While also known as Aliao and Maiden of the Southern Forest, the actual name of Yuenü is undocumented. It is known that she served during the reign of King Goujian of Yue at the end of the ’Spring and Autumn era’. Caught in an ongoing war with the Wu state to the north, Goujian sought military specialists to better train his troops. Having already recruited a champion archer from Chu, he was advised of a young woman of the Southern Forest whose skill with the sword was infamous.
Goujian invited the woman to attend his court, where she demonstrated the ability to counter the attacks of several opponents at once. The woman claimed to have developed her own sword-fighting style for protection in her native forest, and was also known to be a skilled archer. Impressed by her skills, Goujian gave her the title of Yuenü and enlisted her to train his best officers and soldiers in her techniques.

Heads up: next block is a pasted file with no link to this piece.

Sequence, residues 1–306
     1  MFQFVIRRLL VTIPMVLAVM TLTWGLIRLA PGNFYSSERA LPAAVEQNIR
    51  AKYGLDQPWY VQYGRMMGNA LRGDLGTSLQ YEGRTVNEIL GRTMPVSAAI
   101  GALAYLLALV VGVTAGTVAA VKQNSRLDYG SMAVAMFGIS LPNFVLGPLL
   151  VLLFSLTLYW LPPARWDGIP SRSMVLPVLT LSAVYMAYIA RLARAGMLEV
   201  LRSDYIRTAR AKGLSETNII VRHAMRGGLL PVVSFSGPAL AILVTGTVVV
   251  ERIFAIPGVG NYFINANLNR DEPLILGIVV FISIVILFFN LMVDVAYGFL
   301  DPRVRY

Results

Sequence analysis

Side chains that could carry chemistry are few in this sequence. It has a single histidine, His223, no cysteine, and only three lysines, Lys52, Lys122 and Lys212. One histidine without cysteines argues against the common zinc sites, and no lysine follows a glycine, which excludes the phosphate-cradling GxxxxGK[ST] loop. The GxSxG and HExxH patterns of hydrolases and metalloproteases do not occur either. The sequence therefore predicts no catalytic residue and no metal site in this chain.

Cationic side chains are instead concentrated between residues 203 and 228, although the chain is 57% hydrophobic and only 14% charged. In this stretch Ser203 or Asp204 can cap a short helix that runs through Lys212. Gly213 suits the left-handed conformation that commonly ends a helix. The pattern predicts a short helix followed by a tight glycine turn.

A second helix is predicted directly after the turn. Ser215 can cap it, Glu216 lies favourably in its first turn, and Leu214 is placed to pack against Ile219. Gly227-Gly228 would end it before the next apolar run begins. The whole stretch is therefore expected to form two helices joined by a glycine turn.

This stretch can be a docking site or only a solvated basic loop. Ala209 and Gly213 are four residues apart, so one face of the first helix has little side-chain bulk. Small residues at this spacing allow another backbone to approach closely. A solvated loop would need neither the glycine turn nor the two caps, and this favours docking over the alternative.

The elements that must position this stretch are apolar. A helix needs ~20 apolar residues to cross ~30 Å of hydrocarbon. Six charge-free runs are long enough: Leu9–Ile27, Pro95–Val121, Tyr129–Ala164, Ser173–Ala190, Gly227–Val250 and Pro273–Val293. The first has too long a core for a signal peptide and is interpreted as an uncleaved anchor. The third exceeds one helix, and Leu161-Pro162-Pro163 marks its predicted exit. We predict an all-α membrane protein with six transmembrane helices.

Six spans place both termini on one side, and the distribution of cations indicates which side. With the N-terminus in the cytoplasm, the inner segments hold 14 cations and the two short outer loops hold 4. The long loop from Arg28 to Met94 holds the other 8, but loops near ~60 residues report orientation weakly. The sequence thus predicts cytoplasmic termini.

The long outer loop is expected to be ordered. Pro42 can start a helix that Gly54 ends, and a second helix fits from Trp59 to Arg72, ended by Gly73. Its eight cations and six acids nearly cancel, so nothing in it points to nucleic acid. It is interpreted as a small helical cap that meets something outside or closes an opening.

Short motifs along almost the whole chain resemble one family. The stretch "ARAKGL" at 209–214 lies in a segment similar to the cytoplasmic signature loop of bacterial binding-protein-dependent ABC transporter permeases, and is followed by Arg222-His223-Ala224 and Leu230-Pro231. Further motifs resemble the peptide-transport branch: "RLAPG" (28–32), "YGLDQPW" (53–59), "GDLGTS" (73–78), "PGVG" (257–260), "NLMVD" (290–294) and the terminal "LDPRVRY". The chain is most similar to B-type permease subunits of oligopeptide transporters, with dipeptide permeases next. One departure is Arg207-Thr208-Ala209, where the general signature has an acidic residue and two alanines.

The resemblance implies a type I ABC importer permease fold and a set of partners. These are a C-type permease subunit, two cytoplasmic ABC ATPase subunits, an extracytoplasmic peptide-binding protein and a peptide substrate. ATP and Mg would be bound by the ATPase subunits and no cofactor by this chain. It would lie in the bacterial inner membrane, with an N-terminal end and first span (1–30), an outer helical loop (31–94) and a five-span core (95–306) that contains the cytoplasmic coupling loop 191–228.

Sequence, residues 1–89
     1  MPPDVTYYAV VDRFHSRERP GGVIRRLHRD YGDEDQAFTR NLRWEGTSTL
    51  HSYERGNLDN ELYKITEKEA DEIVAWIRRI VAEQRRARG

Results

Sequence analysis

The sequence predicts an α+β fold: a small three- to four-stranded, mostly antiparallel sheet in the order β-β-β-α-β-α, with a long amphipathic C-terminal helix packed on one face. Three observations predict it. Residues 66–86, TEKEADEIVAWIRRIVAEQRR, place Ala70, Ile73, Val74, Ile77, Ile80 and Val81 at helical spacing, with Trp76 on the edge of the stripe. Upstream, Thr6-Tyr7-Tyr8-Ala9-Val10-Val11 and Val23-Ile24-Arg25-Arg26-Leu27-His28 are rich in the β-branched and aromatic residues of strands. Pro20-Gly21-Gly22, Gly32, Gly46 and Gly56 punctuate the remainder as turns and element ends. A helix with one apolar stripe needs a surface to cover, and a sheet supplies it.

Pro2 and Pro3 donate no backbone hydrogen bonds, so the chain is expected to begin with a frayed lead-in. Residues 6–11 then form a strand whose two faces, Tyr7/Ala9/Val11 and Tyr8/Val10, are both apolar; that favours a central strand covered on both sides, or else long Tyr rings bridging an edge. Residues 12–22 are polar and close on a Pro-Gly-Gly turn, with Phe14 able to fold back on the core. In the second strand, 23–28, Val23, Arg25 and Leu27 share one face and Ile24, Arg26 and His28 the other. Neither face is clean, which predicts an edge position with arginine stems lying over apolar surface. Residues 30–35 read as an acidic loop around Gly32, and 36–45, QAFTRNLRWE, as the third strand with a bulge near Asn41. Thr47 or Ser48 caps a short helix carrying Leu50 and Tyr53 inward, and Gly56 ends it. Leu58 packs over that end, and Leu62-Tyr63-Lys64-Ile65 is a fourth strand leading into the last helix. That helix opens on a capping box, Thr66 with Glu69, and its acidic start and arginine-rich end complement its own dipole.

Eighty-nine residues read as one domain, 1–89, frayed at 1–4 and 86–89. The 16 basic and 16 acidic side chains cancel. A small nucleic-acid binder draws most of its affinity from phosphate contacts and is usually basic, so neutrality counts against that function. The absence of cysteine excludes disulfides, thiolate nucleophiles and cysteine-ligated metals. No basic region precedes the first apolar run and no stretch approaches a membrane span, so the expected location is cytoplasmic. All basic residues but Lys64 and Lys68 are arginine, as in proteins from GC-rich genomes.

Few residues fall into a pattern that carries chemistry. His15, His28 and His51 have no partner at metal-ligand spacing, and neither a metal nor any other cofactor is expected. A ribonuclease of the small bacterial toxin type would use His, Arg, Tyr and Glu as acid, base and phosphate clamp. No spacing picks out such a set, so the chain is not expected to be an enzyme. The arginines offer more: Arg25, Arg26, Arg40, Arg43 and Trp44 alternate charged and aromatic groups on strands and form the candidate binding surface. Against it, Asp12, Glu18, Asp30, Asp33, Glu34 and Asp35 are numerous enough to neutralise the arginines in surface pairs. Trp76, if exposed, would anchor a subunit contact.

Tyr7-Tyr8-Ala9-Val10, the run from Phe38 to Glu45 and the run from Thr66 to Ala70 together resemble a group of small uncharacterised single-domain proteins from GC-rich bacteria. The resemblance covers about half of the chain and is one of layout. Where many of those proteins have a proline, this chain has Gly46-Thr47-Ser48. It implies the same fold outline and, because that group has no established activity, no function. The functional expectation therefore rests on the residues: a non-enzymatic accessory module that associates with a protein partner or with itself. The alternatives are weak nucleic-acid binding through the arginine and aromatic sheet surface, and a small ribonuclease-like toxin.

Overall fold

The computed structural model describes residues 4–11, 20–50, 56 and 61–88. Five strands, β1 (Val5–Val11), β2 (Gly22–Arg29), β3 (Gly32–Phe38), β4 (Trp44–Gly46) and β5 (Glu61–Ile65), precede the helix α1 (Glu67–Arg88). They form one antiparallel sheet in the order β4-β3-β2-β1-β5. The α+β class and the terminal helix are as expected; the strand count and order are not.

Yuenü’s techniques were described as simple but powerful, based around a philosophy of strengthening the spirit while remaining openly calm in combat. She likened the art of the sword to a door, which can be divided in yin and yang. Hers is the earliest known exposition on the art of the sword, which influenced Chinese martial arts for generations, introducing the concept of using agility and fluid speed to counter the advantages of physical strength.
Yuenü is also credited with developing a new form of metallurgy that could create untarnishable bronze swords with flexible cores and extremely sharp edges, which became known as 'Yuenü swords’. In 1965 archeologists discovered one such sword buried alongside the remains of King Goujian.